UCL  IRIS
Institutional Research Information Service
UCL Logo
Please report any queries concerning the funding data grouped in the sections named "Externally Awarded" or "Internally Disbursed" (shown on the profile page) to your Research Finance Administrator. Your can find your Research Finance Administrator at https://www.ucl.ac.uk/finance/research/rs-contacts.php by entering your department
Please report any queries concerning the student data shown on the profile page to:

Email: portico-services@ucl.ac.uk

Help Desk: http://www.ucl.ac.uk/ras/portico/helpdesk
Publication Detail
Low-frequency rTMS inhibitory effects in the primary motor cortex: Insights from TMS-evoked potentials.
  • Publication Type:
    Journal article
  • Publication Sub Type:
    Journal Article
  • Authors:
    Casula EP, Tarantino V, Basso D, Arcara G, Marino G, Toffolo GM, Rothwell JC, Bisiacchi PS
  • Publication date:
    09/2014
  • Pagination:
    225, 232
  • Journal:
    Neuroimage
  • Volume:
    98
  • Status:
    Published
  • Country:
    United States
  • PII:
    S1053-8119(14)00345-0
  • Language:
    eng
  • Keywords:
    EEG, GABAb, Inhibition, N100, TEPs, TMS, Adult, Electroencephalography, Evoked Potentials, Female, Humans, Male, Motor Cortex, Neural Inhibition, Transcranial Magnetic Stimulation, Visual Cortex, Young Adult
Abstract
The neuromodulatory effects of repetitive transcranial magnetic stimulation (rTMS) have been mostly investigated by peripheral motor-evoked potentials (MEPs). New TMS-compatible EEG systems allow a direct investigation of the stimulation effects through the analysis of TMS-evoked potentials (TEPs). We investigated the effects of 1-Hz rTMS over the primary motor cortex (M1) of 15 healthy volunteers on TEP evoked by single pulse TMS over the same area. A second experiment in which rTMS was delivered over the primary visual cortex (V1) of 15 healthy volunteers was conducted to examine the spatial specificity of the effects. Single-pulse TMS evoked four main components: P30, N45, P60 and N100. M1-rTMS resulted in a significant decrease of MEP amplitude and in a significant increase of P60 and N100 amplitude. There was no effect after V1-rTMS. 1-Hz rTMS appears to increase the amount of inhibition following a TMS pulse, as demonstrated by the higher N100 and P60, which are thought to originate from GABAb-mediated inhibitory post-synaptic potentials. Our results confirm the reliability of the TMS-evoked N100 as a marker of cortical inhibition and provide insight into the neuromodulatory effects of 1-Hz rTMS. The present finding could be of relevance for therapeutic and diagnostic purposes.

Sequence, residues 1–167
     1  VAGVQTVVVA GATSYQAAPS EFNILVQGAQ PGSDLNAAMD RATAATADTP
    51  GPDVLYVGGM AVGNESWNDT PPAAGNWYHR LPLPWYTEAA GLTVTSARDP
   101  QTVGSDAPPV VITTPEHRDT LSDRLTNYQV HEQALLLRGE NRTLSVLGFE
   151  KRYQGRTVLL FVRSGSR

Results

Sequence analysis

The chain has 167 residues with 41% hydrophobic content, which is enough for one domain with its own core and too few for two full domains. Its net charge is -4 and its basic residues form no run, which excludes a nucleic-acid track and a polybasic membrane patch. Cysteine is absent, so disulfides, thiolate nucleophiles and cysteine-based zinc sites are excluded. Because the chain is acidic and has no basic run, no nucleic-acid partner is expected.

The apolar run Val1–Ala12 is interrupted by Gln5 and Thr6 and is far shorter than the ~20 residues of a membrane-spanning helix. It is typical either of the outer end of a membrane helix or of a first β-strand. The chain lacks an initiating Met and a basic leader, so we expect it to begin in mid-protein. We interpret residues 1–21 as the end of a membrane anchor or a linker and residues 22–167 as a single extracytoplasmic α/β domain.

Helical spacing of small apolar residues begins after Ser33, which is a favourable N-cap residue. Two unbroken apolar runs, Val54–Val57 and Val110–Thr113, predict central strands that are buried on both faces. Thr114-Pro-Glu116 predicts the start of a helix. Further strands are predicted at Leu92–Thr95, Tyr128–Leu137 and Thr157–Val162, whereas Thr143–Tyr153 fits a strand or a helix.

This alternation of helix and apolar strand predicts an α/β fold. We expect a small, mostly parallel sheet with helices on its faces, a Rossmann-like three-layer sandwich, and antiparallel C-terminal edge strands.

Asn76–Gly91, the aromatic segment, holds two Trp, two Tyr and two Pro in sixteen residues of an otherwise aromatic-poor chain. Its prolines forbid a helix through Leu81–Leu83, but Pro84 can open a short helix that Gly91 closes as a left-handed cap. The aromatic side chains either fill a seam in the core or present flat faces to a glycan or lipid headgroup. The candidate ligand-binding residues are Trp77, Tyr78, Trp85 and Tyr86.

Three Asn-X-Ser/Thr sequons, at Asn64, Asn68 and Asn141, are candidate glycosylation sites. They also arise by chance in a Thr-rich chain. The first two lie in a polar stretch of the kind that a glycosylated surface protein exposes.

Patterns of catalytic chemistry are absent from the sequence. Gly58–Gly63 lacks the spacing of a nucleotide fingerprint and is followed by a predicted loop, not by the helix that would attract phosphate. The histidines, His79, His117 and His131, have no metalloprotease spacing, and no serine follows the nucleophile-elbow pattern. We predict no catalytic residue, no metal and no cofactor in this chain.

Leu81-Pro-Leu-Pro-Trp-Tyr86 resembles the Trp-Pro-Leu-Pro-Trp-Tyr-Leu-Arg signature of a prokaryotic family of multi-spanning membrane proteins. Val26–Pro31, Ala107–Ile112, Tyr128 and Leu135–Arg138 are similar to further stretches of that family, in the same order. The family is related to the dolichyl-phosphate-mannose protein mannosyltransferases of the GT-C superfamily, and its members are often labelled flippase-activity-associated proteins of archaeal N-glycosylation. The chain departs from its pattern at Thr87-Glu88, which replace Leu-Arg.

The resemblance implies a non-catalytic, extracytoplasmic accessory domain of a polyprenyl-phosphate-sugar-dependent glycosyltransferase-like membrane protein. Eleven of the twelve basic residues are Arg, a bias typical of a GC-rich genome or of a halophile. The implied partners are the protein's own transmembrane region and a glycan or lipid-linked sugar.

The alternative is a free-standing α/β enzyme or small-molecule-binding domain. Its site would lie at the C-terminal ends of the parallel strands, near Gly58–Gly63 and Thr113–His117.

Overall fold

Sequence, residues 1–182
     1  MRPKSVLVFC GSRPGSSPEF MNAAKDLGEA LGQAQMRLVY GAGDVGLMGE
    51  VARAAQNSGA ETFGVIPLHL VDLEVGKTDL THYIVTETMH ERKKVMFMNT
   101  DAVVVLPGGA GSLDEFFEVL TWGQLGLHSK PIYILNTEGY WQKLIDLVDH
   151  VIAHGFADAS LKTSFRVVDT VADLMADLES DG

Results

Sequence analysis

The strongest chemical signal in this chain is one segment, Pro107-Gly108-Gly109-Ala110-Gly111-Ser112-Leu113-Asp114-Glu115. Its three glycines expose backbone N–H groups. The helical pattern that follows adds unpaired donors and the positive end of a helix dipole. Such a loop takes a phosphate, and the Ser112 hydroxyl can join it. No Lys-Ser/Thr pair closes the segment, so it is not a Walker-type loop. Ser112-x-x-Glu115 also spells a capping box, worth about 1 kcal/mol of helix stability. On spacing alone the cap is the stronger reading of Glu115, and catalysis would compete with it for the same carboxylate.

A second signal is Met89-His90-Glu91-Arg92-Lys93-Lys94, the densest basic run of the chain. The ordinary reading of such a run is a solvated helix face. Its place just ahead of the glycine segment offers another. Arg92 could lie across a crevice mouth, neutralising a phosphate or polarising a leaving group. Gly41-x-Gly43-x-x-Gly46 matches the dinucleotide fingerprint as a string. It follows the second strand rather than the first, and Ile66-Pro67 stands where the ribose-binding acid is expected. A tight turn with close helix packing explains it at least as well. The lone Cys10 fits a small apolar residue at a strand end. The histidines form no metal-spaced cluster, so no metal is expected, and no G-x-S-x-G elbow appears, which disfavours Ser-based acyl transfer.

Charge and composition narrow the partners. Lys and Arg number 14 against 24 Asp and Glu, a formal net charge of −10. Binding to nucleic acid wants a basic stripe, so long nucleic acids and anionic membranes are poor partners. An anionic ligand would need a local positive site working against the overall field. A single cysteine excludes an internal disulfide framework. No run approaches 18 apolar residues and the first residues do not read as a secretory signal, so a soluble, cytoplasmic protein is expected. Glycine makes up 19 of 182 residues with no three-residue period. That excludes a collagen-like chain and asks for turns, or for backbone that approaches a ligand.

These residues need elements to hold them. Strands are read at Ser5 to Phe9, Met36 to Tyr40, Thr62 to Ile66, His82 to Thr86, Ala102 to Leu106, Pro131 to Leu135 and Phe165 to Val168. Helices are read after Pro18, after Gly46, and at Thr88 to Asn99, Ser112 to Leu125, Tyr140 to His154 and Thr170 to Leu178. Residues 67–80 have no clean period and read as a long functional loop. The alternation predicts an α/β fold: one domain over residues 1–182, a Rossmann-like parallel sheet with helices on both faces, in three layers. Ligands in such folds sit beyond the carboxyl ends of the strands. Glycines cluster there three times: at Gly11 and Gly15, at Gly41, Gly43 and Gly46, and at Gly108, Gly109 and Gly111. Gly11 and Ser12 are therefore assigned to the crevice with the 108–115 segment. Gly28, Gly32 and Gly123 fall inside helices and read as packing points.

Publication data is maintained in RPS. Visit https://rps.ucl.ac.uk
 More search options
UCL Researchers
Author
Clinical and Movement Neurosciences
University College London - Gower Street - London - WC1E 6BT Tel:+44 (0)20 7679 2000

© UCL 1999–2011

Search by